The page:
The teaching job itself offers more independence than I was anticipating. I was told that I would be teaching an existing curriculum. But contrary to my expectations, it is my job to develop particular lessons in order to teach this curriculum. I am looking forward to this, as I had hoped that this would be the case, and was kind of disappointed when I was told the curriculum was already in place. I guess I just didn’t word my question properly when I asked.
My first lesson will be taught tomorrow. Jo taught her first yesterday. I am fortunate that I can model my lesson after hers, but in the future we will develop lesson plans together. Actually we are planning lesson 2 together after I finish this.
I also feel more independent in terms of traveling. I had expected, of course, to travel to work with Jo each day, but now, although we will likely take the same taxi routes, we will be heading toward different ultimate destinations. Although it would have been comforting to travel together, I think I will be glad for the extra challenge, as I will learn a lot more about the city, and surely gain some useful skills. We will likely get a taxi together in the morning, but I will get off first. I will then walk to my second job (school) around 4:30, and walk to Jo’s school around 6 to get a taxi home together.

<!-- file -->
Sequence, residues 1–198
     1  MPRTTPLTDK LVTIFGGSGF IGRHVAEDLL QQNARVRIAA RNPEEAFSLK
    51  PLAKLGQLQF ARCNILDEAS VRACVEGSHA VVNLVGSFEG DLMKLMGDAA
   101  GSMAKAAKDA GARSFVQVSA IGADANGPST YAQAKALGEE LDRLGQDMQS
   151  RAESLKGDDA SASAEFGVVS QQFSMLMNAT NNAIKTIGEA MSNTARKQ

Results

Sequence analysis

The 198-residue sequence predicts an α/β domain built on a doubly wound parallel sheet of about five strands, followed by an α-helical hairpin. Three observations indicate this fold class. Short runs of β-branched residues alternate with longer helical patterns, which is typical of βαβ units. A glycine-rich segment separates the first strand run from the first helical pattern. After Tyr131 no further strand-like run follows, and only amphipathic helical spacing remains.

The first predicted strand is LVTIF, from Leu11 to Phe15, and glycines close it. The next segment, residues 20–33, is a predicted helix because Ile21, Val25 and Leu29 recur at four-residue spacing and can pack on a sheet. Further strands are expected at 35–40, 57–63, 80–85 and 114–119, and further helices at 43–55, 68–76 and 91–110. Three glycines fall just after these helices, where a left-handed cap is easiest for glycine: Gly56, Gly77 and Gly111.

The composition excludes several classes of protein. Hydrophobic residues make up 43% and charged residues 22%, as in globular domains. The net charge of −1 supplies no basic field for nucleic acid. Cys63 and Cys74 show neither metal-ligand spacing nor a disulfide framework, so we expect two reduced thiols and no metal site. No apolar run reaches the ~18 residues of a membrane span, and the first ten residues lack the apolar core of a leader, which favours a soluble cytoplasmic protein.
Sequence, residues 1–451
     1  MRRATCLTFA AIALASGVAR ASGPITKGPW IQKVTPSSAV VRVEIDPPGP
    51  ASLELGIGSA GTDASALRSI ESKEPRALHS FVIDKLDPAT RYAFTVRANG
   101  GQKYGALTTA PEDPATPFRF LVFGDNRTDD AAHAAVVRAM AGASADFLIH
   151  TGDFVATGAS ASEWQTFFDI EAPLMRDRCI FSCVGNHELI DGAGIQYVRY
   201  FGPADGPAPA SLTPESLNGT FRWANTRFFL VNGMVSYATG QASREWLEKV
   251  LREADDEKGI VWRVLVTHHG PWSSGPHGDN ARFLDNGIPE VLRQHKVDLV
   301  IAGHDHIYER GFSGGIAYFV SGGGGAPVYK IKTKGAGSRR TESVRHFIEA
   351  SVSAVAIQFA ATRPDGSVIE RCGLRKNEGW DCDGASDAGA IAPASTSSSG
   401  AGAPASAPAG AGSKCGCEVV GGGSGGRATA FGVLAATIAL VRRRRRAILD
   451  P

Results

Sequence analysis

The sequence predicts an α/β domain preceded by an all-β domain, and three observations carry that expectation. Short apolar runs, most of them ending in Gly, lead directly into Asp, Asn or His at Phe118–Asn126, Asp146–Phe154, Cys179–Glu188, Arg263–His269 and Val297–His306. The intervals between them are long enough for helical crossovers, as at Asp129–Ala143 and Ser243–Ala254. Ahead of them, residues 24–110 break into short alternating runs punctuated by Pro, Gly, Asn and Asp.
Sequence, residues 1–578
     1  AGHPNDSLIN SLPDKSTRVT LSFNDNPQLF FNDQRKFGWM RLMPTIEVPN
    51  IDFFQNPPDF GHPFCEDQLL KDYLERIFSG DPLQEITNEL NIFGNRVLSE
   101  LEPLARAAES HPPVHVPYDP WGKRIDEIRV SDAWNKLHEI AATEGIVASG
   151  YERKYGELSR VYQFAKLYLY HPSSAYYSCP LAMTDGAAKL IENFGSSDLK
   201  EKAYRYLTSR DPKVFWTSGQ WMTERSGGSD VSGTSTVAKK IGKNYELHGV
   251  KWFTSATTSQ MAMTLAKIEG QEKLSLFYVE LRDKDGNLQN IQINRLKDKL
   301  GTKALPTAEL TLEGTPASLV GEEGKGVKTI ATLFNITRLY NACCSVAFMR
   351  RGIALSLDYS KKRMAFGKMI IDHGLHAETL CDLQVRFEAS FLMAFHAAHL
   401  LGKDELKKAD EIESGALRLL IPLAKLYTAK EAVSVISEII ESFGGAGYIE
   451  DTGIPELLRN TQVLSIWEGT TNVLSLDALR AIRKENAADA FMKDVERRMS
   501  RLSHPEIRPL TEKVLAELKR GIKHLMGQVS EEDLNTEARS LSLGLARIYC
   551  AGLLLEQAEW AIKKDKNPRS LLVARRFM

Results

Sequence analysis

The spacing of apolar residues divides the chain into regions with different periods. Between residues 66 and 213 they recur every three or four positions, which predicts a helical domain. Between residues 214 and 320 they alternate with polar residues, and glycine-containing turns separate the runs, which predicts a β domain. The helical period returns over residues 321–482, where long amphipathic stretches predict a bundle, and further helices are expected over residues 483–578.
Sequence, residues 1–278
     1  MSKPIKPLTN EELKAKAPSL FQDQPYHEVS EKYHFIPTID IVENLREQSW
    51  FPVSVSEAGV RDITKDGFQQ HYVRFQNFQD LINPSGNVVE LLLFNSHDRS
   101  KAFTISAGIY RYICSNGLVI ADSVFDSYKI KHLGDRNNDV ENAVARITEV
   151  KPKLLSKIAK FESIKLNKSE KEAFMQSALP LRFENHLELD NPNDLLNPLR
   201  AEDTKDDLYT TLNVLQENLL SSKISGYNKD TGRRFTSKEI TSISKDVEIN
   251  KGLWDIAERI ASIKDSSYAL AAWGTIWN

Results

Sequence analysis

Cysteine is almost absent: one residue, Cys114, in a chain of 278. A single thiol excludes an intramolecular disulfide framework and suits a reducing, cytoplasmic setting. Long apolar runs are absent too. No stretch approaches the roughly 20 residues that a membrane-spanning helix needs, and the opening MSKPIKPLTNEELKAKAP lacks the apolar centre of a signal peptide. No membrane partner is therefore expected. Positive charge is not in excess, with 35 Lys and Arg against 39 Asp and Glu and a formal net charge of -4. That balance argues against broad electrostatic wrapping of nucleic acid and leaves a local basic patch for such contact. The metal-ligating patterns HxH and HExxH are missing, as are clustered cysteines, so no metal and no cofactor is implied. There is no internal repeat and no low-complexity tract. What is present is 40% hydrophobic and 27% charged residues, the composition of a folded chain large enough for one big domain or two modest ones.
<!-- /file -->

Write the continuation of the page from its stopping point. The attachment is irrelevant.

The first time I went into Kampala, I was thinking, there’s no way I’ll EVER navigate this by myself. However, having gone back with Jo a couple of times, I feel much more confident. I know that I know enough to get to where I’m working and back. And at the moment that is all I need. I expect to come home with a set of street smarts that I didn’t have before—or that I didn’t know existed. I expect to be able to hail a cab like nobody’s business and cross any street with ease. With much less than I am used to in terms of traffic lights and stop signs, if “extreme J-walking” were a sport, Kampala-dwellers would do quite well.